Just like the rest of society, there may not be a return to what was once normal.
To hear studio executives tell it, they turned to Premium VOD and streaming during the Covid-19 quarantine only out of necessity. Movies like Trolls: World Tour, The High Note, Artemis Fowl and others were pulled from the theatrical schedule and released on home video platforms because the studios had no other available choices. Theater owners, as well as NATO, made various statements about how they would remember how studios have turned against them, but most of those statements seem to have faded in intensity over time.
During a virtual CineEurope presentation, more studio heads made more comments about how excited everyone was about theaters reopening, confident that audiences are itching to get out of the house and see movies on a *real* big screen again.
That belief seems to be rooted in the basic idea that not only are behaviors ripe for changing but that outlets for that changed behavior will be available. Neither may actually be the case.
One study from Google indicates that consumer habits that have been evolving over the years may have taken firmer hold during the Covid-19 shutdowns across the country, meaning people are less likely to venture out and about for their shopping and entertainment fixes. In some ways that may be tied to bigger shifts across society and within the economy, including the higher frequency of someone working from home, the newfound love of cooking for themselves and more.
Those shifts as they relate to streaming behavior are expected to be represented at this year’s Newfronts as media companies make their virtual presentations to advertisers, positioning those platforms as the place where people are and they need to be. Spending on streaming entertainment isn’t expected to fade anytime soon either. There may be some level of subscription fatigue happening, but that’s likely only because people dipped their toe in so many different pools during the early days of stay-at-home orders, taking advantage of free trials or deciding now was when they were finally going to watch “The Handmaid’s Tale” and then cancel Hulu after finishing it. So it may be that these behaviors have now become entrenched in many households.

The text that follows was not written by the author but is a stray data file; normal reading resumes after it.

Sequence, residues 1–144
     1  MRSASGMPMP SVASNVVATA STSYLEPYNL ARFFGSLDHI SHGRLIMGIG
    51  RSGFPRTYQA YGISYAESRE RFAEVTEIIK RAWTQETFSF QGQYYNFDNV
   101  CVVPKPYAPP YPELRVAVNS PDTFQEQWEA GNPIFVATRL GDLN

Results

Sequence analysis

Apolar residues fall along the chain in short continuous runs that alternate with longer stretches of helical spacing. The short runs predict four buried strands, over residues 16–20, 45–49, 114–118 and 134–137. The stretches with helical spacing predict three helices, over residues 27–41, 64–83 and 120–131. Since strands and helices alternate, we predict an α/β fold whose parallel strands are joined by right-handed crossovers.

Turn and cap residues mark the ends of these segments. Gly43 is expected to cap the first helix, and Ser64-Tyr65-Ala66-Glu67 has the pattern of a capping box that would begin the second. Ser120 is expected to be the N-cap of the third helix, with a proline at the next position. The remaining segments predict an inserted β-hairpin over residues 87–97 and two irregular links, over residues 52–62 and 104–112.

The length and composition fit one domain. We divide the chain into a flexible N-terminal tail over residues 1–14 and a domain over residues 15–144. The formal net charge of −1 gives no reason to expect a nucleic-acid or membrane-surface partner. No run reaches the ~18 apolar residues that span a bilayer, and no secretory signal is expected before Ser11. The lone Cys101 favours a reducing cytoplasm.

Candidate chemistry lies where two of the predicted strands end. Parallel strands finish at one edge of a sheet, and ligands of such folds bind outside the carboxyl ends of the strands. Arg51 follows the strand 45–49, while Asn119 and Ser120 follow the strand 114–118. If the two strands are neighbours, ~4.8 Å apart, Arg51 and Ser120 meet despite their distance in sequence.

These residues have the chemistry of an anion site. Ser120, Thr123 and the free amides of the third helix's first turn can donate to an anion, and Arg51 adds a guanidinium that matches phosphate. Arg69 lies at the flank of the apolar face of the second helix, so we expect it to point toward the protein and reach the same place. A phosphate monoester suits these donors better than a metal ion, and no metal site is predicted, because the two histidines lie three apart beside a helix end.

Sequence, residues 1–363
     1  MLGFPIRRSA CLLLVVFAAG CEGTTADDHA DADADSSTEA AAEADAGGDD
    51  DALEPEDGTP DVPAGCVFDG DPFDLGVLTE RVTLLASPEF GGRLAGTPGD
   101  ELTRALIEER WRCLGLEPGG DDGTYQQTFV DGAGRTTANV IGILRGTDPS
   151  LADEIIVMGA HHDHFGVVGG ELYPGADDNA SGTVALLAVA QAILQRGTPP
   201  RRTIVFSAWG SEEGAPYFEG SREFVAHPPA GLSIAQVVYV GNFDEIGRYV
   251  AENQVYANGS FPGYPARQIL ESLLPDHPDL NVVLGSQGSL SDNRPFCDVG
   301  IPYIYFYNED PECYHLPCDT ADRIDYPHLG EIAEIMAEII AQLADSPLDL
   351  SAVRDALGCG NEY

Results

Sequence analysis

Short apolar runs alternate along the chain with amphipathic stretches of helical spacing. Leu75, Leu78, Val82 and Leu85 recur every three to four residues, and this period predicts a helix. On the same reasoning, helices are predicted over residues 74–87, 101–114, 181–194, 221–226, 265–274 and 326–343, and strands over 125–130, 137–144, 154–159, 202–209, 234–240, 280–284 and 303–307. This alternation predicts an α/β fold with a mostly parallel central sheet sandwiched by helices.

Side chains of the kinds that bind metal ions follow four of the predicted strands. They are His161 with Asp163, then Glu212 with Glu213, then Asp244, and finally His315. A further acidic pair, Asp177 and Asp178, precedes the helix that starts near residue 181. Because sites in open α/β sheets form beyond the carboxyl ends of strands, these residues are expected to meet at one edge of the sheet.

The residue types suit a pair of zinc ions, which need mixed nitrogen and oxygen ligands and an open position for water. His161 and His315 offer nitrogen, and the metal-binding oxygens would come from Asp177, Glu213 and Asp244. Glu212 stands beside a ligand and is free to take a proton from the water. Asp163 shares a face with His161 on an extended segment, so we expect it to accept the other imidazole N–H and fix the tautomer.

Add to that the ever-changing landscape of the theatrical industry, one that is already working from a deficit in part because the issue of wearing masks has become one with all sorts of political implications and beliefs. Add to that the recent shift of both Tenet and Mulan to August and it’s clear the summer movie season has all but vanished. There may be a few titles that still come out in drive-in locations and the handful of theaters in states that have done a better job of containing outbreaks, but that’s it.
In short, there’s a great deal of uncertainty about what’s next for the public health crisis we’re in the midst of and what the retail response to that is going to be. Texas and Florida are reversing course and closing bars again, while other states like Illinois are doing alright and slowly reopening more and more businesses.
It won’t take much for premium VOD to become much more popular than it already is. Really it seems to come down to 1) Price, and 2) Selection. If Wonder Woman 1984 were available to rent day-and-date with theaters, it would be massive, especially if that rental were just $9.99. To date the titles have been kids films and mid-tier dramas, but a blockbuster at a reasonable price would be a game-changer, one that could potentially blow the market wide open. That price point would be a stark contrast to the cost of taking a family to the theater, including the sunk time in driving etc that goes with it.
Premium VOD may never land as big a fish as WW84 or Black Widow, but it’s very likely it becomes a regular part of studio’s release planning, especially for the kinds of titles that are felt to have only moderate potential for theatrical success. Even so, that price point will have to come down, especially on the kids titles where the value for parents is in repeat viewing.
It won’t be long given the continued issues around what businesses are or aren’t open and what the protocol is for visiting them before the behavior around staying at home and bringing the world there solidifies even more than it already has. Studios will have to adapt to that, as will the theater owners who have been avoiding this conversation for over a decade.